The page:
Yesterday was my first day at my new job. Okay, that might be a little bit of a stretch.
Yesterday my job at Hope Lutheran Church changed from Youth Director to Director of Youth and Ministry Development. Our Associate Pastor of Ministry Development, Wendy Berthelsen, decided that she wanted to devote her time to the development of her non-profit teaching ministry Call, Inc. Instead of hiring a replacement for her, the church has chosen to shift my responsibilities around to cover both youth and ministry development. We have hired a full-time youth ministry intern to take over many of the tasks related to youth ministry.
At our church “Ministry Development” is sort of a catch-all phrase. It includes:
- Christian education for adults and children
- Oversight of adult small group ministry
- Training people in spiritual gifts and helping to discern God’s call on their life
- Molding the ministry and practices of our church around the unique gifts, talents, and passions of our church
- Overseeing church communication and administration
- Launching new ministry initiatives
- Training and supporting people in existing ministries
- And probably more
So, all of the above responsibilities come in addition to my role as the lead staff person for youth ministry, and I’m excited about the possibilities. I actually think that my new role will force me to utilize my strengths to an even greater extent than before. From my assessment in Strengths-Based Leadership I learned that my leadership style falls under the category of “Strategic Thinking” (and not executing, relationship building, or influencing).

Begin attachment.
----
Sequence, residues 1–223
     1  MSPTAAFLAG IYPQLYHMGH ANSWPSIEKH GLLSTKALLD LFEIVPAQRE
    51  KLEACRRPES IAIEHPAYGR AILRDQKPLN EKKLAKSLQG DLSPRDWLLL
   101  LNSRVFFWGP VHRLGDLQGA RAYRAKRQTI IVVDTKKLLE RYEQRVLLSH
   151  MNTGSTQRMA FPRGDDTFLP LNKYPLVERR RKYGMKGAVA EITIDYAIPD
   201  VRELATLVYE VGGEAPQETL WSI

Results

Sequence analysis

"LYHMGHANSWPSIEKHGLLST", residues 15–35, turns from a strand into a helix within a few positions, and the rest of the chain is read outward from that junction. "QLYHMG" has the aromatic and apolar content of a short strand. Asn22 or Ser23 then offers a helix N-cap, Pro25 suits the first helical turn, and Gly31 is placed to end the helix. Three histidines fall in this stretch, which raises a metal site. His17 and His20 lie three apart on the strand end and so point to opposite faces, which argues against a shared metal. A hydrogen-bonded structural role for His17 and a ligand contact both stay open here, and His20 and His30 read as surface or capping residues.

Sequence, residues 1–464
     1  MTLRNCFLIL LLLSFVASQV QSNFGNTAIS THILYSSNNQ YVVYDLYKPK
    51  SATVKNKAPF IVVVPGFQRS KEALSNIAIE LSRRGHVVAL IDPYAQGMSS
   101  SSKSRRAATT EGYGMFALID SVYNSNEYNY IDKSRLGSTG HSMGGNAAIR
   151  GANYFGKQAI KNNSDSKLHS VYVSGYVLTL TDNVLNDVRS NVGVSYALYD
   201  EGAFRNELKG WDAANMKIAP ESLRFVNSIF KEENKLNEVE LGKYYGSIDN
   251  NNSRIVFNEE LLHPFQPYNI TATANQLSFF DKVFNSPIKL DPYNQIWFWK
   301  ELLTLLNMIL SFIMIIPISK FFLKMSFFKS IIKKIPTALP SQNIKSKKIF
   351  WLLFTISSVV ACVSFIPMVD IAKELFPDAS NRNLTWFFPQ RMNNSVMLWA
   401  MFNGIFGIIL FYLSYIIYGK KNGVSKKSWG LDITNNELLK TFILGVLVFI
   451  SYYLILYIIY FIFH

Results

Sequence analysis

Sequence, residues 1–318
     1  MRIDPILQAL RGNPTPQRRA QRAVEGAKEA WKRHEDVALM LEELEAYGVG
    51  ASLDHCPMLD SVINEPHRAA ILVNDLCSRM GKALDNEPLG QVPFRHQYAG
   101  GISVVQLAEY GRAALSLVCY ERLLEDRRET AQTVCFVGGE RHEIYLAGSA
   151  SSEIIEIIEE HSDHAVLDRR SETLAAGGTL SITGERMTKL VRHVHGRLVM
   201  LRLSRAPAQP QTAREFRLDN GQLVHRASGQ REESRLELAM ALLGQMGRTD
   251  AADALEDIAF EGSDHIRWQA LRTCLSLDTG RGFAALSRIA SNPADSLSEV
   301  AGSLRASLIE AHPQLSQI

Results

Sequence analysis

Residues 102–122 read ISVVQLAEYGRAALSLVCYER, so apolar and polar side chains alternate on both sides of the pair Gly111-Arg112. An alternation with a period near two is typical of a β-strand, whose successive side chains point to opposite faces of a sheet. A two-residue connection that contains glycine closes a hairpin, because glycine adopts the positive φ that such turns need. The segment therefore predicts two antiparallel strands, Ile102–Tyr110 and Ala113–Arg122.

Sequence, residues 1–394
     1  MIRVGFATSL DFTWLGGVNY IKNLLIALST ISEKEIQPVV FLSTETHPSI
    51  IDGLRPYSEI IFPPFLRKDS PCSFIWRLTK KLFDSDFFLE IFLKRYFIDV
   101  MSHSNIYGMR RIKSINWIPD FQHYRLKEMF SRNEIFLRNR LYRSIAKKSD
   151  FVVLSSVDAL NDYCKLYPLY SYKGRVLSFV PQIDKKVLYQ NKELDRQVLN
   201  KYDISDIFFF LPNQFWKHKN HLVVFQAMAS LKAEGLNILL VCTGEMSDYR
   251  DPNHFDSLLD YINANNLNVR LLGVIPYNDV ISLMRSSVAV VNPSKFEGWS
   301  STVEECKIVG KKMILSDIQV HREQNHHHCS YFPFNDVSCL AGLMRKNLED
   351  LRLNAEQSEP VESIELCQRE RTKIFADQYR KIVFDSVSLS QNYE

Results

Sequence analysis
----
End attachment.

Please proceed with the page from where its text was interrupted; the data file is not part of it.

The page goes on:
While I love youth ministry, being involved with such a narrow ministry so intimately meant that I did not spend a high percentage of my time utilizing my strategic thinking strengths. Much of my time was spent preparing for events, cleaning up for events, administrating the ministry, and spending time with youth. All of these things are good and necessary, but they perhaps underutilized my strengths. By widening my responsibilities so broadly, I will be forced to stay on a very strategic level while equipping others to carry out many of the practical ministry tasks for the simple reason that there is not enough time for me to focus my energy on much else.
And as one who has a keen interest in ecclesiology, having a wider responsibility will allow me to dabble in this ecclesial lab over the coming months.
I would appreciate your prayers as I transition into this new role at our church.